Everyone has their own way of managing and views on how their different methods need to be adapted to suit current needs. Things it might be helpful to consider when making plans to overcome the challenges of remote working include the following:
- Establish a structure – lines of reporting, responsibilities, methods used and timing of communications – these are all things that would have been explained and understood by workers sharing an office. Any gaps in that knowledge are normally filled through observing the actions of colleagues. No longer possible when working remotely, a clear statement as to how things will work from now onwards, and what up until now has been considered the norm is required to change. Simple things such as how and when you can be contacted, what to do in emergencies, which communication methods need to be used under what circumstances, all need to be shared.
- Leadership – now more than ever workers will be looking for consistent, confident and reliable leadership – they will be looking for an example to follow. Remember that stress is contagious, and so a “can do” attitude should be projected at all times. Showing appreciation in the face of the current challenges will be welcomed, more now than ever!
- Team sizes – experience suggests that small teams are more productive when working remotely, although they still need to be managed. Fewer people working together often means less bureaucracy, more engagement, productivity and accountability. Smaller teams can overcome the feeling of individual contributions being less valuable – the effort of individuals goes up as team size falls, with communication and collaboration increasing.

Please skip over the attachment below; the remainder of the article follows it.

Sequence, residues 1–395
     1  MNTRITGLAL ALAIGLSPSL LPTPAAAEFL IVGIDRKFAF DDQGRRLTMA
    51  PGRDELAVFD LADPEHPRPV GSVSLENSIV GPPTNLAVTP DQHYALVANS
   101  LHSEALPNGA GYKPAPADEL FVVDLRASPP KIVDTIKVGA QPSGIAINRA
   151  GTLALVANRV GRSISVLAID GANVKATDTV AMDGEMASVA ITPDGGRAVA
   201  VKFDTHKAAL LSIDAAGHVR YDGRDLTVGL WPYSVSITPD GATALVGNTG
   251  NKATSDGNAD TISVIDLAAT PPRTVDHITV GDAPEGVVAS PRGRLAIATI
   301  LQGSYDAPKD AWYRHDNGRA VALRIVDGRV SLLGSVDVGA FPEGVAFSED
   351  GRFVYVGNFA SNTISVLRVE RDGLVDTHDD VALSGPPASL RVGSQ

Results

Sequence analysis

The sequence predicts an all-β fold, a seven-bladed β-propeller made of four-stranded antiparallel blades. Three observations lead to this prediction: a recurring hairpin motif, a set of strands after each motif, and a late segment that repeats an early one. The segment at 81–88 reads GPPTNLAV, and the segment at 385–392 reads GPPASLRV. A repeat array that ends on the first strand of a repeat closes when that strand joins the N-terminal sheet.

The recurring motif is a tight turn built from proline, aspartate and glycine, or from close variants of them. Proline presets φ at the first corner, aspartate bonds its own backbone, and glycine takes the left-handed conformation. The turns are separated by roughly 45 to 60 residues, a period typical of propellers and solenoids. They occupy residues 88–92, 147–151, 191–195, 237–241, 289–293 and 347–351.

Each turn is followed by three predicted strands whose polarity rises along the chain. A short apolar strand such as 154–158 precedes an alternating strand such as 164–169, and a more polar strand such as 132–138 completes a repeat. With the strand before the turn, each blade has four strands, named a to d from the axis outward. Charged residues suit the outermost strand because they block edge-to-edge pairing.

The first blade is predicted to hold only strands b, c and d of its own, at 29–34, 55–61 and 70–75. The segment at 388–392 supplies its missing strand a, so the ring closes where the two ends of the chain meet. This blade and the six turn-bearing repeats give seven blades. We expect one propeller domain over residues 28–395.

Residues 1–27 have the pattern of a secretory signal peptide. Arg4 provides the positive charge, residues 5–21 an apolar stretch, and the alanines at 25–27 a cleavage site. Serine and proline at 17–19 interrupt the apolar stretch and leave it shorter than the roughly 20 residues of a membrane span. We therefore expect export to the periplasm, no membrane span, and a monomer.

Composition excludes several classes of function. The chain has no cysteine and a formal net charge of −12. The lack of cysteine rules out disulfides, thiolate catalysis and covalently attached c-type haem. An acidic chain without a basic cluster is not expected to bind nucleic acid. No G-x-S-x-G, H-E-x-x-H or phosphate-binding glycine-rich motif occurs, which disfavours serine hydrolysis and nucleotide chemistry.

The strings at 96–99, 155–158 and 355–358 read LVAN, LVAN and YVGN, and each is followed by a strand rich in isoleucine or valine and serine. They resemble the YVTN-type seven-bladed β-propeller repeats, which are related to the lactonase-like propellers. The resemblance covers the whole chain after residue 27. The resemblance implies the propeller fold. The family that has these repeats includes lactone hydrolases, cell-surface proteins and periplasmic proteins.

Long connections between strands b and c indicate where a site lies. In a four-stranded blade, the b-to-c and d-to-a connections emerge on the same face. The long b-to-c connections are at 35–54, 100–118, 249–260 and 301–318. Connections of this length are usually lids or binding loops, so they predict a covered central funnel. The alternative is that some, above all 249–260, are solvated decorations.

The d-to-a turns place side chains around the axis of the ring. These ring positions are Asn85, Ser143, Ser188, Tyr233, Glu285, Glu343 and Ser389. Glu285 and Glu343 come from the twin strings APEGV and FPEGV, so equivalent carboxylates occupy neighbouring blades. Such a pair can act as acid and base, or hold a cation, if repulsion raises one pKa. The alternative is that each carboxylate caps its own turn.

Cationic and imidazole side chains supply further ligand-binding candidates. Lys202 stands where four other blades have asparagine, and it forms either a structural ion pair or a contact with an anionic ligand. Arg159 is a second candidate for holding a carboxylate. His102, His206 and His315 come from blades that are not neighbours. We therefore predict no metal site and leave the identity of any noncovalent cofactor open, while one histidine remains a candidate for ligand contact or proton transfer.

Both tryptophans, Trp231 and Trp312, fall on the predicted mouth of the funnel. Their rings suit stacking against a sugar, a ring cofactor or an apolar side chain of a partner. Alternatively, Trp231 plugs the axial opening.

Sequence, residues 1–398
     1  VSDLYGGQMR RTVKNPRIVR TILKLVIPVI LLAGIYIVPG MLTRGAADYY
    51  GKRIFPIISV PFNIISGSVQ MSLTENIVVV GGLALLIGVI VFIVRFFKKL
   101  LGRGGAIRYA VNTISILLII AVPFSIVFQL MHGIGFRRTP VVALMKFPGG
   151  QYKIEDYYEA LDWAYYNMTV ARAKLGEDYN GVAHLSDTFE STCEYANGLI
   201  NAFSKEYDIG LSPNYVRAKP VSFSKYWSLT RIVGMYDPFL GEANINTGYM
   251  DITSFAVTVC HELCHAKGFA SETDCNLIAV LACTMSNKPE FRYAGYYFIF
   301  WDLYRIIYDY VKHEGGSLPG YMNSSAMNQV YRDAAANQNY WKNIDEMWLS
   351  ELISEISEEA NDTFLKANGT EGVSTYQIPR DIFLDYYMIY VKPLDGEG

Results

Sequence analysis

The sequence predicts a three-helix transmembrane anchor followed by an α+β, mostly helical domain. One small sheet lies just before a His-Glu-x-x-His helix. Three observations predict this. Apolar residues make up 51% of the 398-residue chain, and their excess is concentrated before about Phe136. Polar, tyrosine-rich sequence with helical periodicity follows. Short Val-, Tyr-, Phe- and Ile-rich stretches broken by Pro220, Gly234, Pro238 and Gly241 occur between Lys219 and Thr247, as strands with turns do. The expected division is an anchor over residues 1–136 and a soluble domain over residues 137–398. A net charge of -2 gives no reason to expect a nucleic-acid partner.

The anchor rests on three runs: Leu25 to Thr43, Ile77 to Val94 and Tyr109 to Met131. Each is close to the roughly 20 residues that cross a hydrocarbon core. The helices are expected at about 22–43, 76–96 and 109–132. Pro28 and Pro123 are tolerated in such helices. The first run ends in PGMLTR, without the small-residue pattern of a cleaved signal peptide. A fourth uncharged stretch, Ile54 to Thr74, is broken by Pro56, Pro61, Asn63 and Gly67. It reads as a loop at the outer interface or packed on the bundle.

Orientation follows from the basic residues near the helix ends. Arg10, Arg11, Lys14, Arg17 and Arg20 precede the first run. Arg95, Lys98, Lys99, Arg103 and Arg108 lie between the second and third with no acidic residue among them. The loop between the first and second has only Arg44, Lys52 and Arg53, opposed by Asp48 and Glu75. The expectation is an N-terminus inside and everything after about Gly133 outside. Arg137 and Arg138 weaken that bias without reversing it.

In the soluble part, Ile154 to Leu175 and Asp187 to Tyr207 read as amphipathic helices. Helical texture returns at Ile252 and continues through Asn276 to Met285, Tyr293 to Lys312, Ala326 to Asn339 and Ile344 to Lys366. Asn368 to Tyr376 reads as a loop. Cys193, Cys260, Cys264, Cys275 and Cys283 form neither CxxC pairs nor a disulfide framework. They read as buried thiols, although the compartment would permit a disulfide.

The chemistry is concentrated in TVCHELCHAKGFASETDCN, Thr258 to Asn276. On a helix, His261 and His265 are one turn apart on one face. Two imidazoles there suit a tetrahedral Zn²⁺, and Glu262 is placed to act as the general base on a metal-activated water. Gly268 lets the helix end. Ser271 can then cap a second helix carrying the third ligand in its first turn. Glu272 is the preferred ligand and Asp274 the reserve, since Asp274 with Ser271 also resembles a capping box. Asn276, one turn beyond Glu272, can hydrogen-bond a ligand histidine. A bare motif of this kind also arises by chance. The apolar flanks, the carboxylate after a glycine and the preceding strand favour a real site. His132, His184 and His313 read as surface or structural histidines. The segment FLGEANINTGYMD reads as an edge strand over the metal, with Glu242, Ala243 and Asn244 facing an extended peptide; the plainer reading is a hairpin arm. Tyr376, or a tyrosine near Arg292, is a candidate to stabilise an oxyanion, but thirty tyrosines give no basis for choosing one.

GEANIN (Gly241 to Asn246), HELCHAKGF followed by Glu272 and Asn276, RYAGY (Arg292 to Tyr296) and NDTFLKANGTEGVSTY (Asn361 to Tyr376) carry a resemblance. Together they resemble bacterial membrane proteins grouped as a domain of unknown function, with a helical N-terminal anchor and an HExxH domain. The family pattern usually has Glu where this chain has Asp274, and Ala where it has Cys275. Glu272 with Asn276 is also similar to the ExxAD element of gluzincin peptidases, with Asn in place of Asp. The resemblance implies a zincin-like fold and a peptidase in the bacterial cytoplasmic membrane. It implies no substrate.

- Workloads – smaller teams can however lead to increased workloads. Careful monitoring of tasks will be needed to avoid workers being overwhelmed when working remotely, such a situation aggravated when there is a feeling of not now being able to discuss matters as easily as before.
- Micromanaging – care needs to be taken to avoid restricting autonomy. Continual, repetitive contact, asking how things are going, should be kept to a minimum if possible. Tasks need to be set, expectations and timescales made clear and regular, planned communication used to ensure progress is made according to plan. Ownership and accountability are still as important when working remotely and must not be undermined by micromanagement.
- Testing – bear in mind, especially for those not used to managing a team remotely, things don’t always work first time. Different techniques, different ways of doing things, will need to be tried and tested. By adopting that mindset, within a relatively short time, through a process of trial and error, imperfections can be ironed out.